Alopecia is the medical term used by doctors to classify hair loss. Hair loss can be a temporary condition, but in many unfortunate cases it can be permanent. Whether your hair loss is temporary or permanent depends on a variety of factors, such as genetics, hormone levels, overall health, nutrition, and natural aging.
In what boils down to a fact of life, genetics plays a very big role in hair loss, and close to that are the basics such as good health, balanced diet, hair maintenance, and hormone levels. It is true that most people have slower hair growth as they age, due to the body’s overall growth and rejuvenation slowing down. If you have a family history of hair loss, mostly common in men, they can start losing their hair before they are 21 years and start balding by 25 years of age.
On average, a person’s scalp has approximately 100,000 hair follicles. This is where the strand of hair grows out of, and these follicles are located just below the skins surface. Normal hair growth looks like hair strands growing about 1cm a month over a 2-5-year period. Once this rate of growth stops, usually after 3 months, the hair strand falls out, and a new hair strand grows back in the follicle. It is normal to lose about 50-100 hairs per day from the scalp.
If there has been some form of disruption to the hair growing normally, or if hair follicles have been damaged or changed in any way, they fall out earlier. Note that due to various circumstances, the hair follicle may not replace the old hair with a new strand of hair, as the composition of the hair’s follicles may have changed, and thus the follicle may close or remain undeveloped. Due to this, the hair starts to look thinner, and in some cases, partial or complete baldness may occur. The hair loss or alopecia may not just be isolated to a person’s scalp, it can also happen to other areas on the body.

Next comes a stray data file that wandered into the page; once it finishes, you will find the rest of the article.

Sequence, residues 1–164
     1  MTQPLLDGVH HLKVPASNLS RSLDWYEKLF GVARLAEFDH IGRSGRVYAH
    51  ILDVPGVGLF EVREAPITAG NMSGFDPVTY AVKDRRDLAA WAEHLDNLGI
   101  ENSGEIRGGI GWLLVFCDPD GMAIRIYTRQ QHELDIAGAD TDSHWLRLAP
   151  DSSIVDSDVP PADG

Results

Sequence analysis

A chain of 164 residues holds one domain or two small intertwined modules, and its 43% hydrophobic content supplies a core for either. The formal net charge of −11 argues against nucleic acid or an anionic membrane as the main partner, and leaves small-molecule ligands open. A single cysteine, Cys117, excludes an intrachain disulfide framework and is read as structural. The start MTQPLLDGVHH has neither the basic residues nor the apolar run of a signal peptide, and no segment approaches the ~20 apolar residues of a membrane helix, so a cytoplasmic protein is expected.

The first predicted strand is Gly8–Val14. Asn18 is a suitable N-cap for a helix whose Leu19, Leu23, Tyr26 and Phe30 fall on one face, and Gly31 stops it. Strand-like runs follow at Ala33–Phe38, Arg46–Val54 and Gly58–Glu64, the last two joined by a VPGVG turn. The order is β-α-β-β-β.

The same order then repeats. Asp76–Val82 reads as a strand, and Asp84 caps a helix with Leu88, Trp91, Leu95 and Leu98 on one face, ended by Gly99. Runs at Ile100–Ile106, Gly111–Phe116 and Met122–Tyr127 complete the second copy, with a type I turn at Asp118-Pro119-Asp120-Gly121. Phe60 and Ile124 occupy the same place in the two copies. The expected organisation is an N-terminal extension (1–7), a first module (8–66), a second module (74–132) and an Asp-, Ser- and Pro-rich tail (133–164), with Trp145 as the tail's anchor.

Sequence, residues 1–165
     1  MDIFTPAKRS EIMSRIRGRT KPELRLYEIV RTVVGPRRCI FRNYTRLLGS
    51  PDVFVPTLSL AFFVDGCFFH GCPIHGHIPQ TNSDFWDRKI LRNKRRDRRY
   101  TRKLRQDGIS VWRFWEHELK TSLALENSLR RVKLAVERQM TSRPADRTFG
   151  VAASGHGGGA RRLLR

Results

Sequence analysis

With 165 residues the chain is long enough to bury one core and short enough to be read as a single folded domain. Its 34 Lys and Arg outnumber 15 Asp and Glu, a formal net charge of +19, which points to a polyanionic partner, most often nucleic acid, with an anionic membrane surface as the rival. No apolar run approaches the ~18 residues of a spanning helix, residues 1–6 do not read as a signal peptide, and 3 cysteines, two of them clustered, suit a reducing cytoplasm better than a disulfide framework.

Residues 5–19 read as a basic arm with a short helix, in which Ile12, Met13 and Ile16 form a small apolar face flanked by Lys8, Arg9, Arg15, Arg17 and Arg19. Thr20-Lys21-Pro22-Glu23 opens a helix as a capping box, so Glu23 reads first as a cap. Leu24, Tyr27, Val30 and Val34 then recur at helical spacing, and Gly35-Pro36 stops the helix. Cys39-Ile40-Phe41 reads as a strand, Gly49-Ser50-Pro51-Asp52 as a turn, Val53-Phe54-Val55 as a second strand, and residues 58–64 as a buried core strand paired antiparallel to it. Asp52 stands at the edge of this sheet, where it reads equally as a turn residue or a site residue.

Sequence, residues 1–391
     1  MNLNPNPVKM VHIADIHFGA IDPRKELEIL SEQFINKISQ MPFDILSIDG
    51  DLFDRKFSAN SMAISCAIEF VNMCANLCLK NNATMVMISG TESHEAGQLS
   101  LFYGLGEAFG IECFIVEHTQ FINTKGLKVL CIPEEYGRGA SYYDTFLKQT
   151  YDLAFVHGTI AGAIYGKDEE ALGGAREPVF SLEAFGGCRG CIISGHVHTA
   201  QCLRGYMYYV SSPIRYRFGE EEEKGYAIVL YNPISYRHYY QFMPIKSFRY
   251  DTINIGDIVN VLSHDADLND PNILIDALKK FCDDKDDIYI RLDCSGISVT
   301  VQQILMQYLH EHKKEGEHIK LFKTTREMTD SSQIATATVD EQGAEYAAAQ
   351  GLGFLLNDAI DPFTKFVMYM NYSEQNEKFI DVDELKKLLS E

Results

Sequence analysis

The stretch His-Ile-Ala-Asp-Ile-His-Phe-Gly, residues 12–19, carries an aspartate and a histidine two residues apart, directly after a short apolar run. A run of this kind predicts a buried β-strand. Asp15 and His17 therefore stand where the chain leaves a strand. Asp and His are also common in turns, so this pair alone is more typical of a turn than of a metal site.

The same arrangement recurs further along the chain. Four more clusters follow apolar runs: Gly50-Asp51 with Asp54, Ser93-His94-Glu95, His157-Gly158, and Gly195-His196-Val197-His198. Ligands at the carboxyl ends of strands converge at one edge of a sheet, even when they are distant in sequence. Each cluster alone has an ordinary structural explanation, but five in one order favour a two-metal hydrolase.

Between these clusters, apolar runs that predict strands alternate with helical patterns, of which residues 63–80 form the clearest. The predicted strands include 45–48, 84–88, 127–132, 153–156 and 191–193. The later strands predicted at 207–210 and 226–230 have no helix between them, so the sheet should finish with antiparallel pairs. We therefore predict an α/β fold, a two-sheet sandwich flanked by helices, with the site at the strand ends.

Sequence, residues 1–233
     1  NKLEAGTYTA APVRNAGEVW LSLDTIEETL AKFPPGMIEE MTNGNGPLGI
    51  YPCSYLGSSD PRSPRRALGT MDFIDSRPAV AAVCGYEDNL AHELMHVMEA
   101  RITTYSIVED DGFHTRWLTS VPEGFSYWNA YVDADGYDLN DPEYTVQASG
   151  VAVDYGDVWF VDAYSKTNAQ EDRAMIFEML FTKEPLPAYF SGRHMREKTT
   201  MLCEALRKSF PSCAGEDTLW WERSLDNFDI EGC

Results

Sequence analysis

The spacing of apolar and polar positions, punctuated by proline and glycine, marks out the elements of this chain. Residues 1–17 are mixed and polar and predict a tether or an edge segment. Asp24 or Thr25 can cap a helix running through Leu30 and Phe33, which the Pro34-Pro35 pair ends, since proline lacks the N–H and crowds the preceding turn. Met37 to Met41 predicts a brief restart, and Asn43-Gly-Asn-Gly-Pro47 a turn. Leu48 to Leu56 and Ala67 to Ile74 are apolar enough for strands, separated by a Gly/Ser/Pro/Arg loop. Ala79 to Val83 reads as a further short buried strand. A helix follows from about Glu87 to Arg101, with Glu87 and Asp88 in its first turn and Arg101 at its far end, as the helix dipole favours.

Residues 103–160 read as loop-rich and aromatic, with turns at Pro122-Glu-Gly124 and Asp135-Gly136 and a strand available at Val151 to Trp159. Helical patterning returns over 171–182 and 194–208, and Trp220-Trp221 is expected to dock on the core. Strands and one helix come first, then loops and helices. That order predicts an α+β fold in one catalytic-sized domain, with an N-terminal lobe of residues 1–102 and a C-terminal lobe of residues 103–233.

As mentioned before, some of the reasons for hair loss are things like genetics, inflammation, infection, illness, poor nutrition, extreme hairstyles/treatments, physical or emotional stress, certain medications and medical treatments, such as chemo and radiation.
To determine if hair loss is permanent or temporary, you need to be examined by a professional. Signs of more permanent hair loss includes:
- Your widow’s peak: One of the first signs of permanent hair loss is thinning at the top front sides of the hairline. When this occurs, it usually looks like a widow’s peak, which is where it got the name, as it looks like an M-shape. This is most common in men.
- Hair thinning: Permanent hair loss will affect women differently then it will affect men. Men will develop a receding hairline and then even a widow’s peak hairline whereas women’s hair will start to thin on the top of the head.
- Stress: When you lose your hair, it can sometimes be a traumatic process. Stress can also play a part in it when it comes to wondering whether or not it’s temporary or permanent. When you lose hair, it may take a few months to grow back. If in six months or so down the road you don’t see any signs of new hair growth then there’s a good chance it’s permanent.
To learn if your hair loss may be permanent or temporary, call MAXiM Hair Restoration! We have locations in New York, Long Island, Connecticut, Chicago, Dallas, and the Washington, DC area. Contact MAXiM today for a consultation.